Anthony Eidem

Gearhead Salon and Barbershop opened recently at 701 E. Second St. in Reno. It’s the second location of Gearhead. The first is in Chico, California. The Reno shop can be reached at 337-2889.

Where’s the name come from, Gearhead?

Well, back in the ’50s, you had greasers, and the greasers would work on cars and whatnot. During the ’70s, car manufacturers started taking what the greasers were doing to their cars and do ’em up and you can get muscle cars. And gearhead was the name to work on anything—any kind of car, be it a car, truck, motorcycle. If you’re wrenching, you’re working on the gears, then you’re a gearhead. … I was born in San Gabriel, [California], but I graduated in Reno, Nevada. I’ve been gone 17 years. I went to Wooster High School. My mom is retiring. My dad is Chef Joe Eidem. … He was the chef at Washoe Medical Center—Renown. And now he does Chef Joe Consults. He’s in Rancho Cucamonga, [California], but he’ll be moving back in October. So, with my parents getting a little bit older … that’s one of my reasons for moving back, being near them. … My mom worked for the VA medical center for 38 years, and she’s retiring.

How did you end up in Chico?

At the time [in 2002], it was right when the Indian casinos were just starting to go up. Did you ever see Hot Tub Time Machine? You know when they’re going back to the town, and everything is all boarded up? I just saw that happening to Reno. Reno was kind of going through a dark ages, if you will, and I was a father. And with the 24-hour town, and the drinking and whatnot, I just wanted a better life for them. … Long story short, my wife was from Paradise, California, so I moved [to Chico] to raise my kids. My youngest is 17 now, and … we’re moving back.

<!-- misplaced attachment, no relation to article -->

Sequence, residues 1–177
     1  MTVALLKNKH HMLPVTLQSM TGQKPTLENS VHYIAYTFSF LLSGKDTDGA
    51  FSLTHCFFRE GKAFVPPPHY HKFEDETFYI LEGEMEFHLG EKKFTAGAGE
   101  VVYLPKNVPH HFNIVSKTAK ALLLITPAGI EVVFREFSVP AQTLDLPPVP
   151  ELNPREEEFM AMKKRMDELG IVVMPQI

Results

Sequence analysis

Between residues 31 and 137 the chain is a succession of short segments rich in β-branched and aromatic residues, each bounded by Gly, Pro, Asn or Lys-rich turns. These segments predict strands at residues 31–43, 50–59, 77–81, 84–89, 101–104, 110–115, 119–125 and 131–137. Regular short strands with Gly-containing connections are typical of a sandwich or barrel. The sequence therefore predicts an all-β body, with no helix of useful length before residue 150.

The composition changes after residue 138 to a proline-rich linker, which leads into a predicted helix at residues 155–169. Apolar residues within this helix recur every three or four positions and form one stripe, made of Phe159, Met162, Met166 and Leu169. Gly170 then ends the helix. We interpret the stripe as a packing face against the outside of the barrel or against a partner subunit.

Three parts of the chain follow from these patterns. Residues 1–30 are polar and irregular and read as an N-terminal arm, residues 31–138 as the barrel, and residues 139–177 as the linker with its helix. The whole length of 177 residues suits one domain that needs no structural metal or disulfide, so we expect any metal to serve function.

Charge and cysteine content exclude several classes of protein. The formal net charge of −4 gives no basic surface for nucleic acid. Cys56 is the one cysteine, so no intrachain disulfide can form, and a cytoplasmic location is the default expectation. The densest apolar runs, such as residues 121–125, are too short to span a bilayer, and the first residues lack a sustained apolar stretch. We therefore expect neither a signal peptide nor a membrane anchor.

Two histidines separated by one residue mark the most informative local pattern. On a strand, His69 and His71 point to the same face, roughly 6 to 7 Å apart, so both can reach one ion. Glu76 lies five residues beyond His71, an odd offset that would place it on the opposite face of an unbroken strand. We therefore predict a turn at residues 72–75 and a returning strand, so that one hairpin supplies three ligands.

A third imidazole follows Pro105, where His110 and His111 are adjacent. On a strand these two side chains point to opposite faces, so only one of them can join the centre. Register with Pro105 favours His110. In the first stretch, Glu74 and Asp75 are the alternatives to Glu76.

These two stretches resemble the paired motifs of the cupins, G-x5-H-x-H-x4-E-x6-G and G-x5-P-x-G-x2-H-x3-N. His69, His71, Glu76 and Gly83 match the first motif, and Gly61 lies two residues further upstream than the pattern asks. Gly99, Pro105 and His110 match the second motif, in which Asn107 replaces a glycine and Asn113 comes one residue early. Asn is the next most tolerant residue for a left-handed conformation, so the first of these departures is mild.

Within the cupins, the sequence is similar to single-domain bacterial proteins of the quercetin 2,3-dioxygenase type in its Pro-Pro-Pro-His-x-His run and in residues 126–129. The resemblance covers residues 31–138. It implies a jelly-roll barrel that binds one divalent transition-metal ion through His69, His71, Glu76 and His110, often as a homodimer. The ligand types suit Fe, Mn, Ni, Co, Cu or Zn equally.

Paradise went through serious trauma. How did the fire affect your business and your family?

I was fortunate enough that it didn’t affect my business other than lost time with the smoke and the evacuations. But my friends and family and my employees, seeing them lose so much—my manager right now in the Reno shop, she lost everything. … She came to me and said, “Tony, I just lost everything. You’re opening up the shop in Reno. I would like to go there and start anew.” Now, she’s got a boyfriend, she’s got a great job, and she’s pretty happy rebuilding everything. The community in Reno has embraced her. … Gearhead is an old-school barbershop. We’re one of the only walk-in barbershops. Also, why did we open up in Reno? We saw with the other shops—there is great artists and great shops in Reno, but they’re all booked out for two weeks and charging over $20 a haircut, with no walk-ins. Gearhead’s business plan is we’re a walk-in-only shop, with $15 haircuts, with free beer and water. We have a small arcade there. We cater to all walks of life.

How does Reno seem different?

Culture. Culture! When I went to school in Reno—when I lived in Reno, your dad was a pitboss and your mom was a cocktail waitress. There was always a house to go to at night because there was some parents who were working graveyard. And there wasn’t much culture for the kids. I love midtown, and the—dare I say—the Sacramento feel. … Coming back to Reno and seeing the culture and the art, and the people and the growth … has been amazing. … I just love the new culture of it all. I’m very happy to be back.